Bilal Salaam isn’t your usual R&B artist.
With a musical palate inspired by the likes of James Taylor, Joni Mitchell, Beethoven, and Radiohead, the DC R&B singer might sound out of place in a world of cookie-cutter pop radio singers.
“I don’t really relate to the world in the same way that others do,” Bilal says as he lists his influences.
His start in music all began with piano lessons from his mom. “I didn’t really stick with it that long,” he admits, but those lesions did open up his world to a new musical dimension and he eventually joined the choir in both high school and at Morgan State University in Bowie, Maryland. The tall singer admits, “I sang bass not because I could sing actual bass, but because I looked like a bass [singer].” The experience in choir gave Bilal the foundation to work with such names as Eric Roberson, W. Ellington Felton, Little Brother, Muhsinah, Sy Smith, and most notably, soul crooner Raheem DeVaughn.
Bilal’s newest release, Langue De Rasoir (Razor Tongue), might be classified as soul, but in reality, his sound is hard to pin down. “In hindsight, I don’t have a particular sound when I’m making the music,” a sound which can combine the sounds of DC go-go and East Coast boom-bap in the same song. “I throw in lot of stuff that doesn’t seem to go together, but it does [in the end].”
One thing that is rare in Black music is humility, however Bilal is a different case. “If it were up to me I would go up on stage and put a mask over my face, because that would make me more comfortable in doing what I do. I try to attach the honesty of myself and the lack of ego that I put into my music.” The music itself is a product of this attitude, with Salaam’s quiet voice layered over his off beat production. The resulting songs, like “Razorhead,” and “Know,” sound more like soulful versions of Radiohead’s Kid A. This “left of centre” approach may not get him radio spins, but Bilal is completely comfortable in his own universe. “In this world, you have to be something. You have to be pro this or pro that. What if you didn’t have a purpose? What if that freedom was allowed for Black music?”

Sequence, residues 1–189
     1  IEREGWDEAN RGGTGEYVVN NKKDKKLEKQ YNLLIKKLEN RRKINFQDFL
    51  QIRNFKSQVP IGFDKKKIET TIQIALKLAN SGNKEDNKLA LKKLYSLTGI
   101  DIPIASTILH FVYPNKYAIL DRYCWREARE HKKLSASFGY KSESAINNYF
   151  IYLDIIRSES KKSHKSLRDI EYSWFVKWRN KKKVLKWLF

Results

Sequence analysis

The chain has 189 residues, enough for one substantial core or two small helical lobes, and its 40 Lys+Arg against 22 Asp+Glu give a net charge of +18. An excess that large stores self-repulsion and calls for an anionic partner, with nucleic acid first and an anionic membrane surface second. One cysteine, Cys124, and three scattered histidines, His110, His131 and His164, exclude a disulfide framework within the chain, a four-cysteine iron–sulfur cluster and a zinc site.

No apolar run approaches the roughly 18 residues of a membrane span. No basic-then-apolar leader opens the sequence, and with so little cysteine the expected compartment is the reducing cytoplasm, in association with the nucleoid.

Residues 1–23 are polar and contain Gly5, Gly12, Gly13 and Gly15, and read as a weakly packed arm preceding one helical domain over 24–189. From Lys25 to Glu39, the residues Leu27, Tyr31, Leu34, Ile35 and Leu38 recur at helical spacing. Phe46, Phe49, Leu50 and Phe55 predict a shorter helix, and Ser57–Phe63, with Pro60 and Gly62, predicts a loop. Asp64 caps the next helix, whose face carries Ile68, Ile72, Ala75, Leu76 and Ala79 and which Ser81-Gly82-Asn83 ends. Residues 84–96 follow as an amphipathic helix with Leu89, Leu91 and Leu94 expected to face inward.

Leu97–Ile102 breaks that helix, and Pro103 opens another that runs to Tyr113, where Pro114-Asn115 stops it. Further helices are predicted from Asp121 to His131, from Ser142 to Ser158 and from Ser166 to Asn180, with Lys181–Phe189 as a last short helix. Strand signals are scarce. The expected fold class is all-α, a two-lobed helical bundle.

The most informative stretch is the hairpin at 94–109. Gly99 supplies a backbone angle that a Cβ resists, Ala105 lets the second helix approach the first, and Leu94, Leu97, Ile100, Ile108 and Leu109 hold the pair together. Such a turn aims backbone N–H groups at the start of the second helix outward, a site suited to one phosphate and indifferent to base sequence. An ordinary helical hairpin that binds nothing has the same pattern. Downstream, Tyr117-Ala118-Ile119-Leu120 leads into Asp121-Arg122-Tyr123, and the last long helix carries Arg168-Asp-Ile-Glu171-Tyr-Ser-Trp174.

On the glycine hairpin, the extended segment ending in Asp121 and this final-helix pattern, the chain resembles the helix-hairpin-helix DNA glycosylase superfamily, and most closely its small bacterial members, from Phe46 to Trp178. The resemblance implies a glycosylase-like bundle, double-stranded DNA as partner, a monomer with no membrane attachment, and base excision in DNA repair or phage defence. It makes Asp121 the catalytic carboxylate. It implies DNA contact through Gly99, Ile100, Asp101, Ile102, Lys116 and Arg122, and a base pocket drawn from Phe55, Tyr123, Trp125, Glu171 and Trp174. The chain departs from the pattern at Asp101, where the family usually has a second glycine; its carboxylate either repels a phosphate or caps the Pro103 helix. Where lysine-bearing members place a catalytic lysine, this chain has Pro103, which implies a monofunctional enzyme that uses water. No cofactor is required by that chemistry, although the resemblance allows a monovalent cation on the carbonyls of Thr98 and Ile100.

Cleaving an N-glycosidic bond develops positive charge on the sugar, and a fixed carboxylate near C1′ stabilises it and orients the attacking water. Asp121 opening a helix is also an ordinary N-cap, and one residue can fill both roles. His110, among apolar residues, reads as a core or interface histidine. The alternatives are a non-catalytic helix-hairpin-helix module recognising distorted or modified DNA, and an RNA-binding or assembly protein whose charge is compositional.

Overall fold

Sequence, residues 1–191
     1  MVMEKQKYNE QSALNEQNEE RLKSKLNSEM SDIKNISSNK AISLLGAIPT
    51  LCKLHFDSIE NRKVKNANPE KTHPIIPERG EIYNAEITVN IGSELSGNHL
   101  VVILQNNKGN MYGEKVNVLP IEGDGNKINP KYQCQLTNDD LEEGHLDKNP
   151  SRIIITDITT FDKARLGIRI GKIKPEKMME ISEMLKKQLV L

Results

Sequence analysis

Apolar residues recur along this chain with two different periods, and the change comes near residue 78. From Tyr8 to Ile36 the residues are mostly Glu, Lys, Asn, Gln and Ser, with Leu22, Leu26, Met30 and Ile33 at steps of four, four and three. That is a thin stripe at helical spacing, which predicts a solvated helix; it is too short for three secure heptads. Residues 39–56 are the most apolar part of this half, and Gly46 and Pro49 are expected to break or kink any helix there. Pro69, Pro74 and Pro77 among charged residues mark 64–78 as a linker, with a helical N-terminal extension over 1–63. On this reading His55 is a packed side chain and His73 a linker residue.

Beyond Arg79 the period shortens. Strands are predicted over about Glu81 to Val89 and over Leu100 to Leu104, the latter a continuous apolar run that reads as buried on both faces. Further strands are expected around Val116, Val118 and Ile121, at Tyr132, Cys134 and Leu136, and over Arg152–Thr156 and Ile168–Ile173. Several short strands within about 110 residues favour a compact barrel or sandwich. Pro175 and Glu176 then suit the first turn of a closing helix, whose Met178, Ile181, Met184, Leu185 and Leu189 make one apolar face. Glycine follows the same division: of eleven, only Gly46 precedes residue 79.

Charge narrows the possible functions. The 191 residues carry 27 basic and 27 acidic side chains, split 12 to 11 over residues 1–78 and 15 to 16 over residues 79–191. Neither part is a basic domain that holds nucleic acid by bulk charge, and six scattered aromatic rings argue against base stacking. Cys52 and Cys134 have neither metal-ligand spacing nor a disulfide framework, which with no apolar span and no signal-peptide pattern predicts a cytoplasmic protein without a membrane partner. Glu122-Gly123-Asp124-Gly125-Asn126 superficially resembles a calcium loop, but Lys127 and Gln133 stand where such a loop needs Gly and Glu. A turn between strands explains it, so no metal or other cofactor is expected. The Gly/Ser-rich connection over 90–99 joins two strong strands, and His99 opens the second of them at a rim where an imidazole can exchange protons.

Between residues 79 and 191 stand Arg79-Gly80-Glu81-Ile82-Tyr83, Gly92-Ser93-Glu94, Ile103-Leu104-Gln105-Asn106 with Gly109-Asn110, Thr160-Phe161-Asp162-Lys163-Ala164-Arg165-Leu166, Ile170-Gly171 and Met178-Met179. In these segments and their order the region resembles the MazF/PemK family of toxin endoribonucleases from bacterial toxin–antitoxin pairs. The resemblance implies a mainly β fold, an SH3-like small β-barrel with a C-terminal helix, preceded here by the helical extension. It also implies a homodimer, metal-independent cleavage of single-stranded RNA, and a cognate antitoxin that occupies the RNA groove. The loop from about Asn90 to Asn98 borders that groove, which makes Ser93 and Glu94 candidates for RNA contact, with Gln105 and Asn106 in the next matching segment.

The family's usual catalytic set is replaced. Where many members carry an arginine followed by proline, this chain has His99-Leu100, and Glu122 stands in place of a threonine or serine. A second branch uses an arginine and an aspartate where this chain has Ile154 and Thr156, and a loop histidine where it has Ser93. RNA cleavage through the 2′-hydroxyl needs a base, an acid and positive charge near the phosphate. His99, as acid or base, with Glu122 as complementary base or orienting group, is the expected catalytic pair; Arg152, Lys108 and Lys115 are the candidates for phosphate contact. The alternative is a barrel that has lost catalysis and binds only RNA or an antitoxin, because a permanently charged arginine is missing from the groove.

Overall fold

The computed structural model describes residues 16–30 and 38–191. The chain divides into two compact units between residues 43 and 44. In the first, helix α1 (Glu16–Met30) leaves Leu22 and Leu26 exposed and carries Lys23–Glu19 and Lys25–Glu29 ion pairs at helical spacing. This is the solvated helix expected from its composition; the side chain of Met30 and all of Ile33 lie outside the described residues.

The lack of creative expression for Black artists is nothing new, but Salaam’s track, “Modern Day Slavery,” which compares the industry to field hands and its artists as subservient idiots picking cotton for their masters, is one of the most poignant tracks that addresses this station. “Just seeing the indirectness of the music industry is daunting man, it just made me not want to be part of it at all.”
Bilal’s newest side project has a UK connection. The band OP Swamp 81 takes after the overreaching police stop and search program which led to the 1981 Brixton riots in London. The band, a combination of Bilal, producer Slimkat 78, and vocalist Schmanedra combine a sound that infuses R&B and jazz, over lyrics that are exceedingly blunt about race, identity, and culture, combined with imagery drawn from the turbulent times for Blacks in the US and the UK. . The origin of the name has a deeper meaning: “The police were trying to impose order and the result was chaos, so my concept was to preach hate and expose the love within.”
Bilal is not a DC native by birth, but in his words, “I love DC. The rhythms of this city are the rhythms of Black music.” Bilal’s music has been intertwined with the rhythms of DC for years. Check out his latest projects for a different taste of Chocolate City.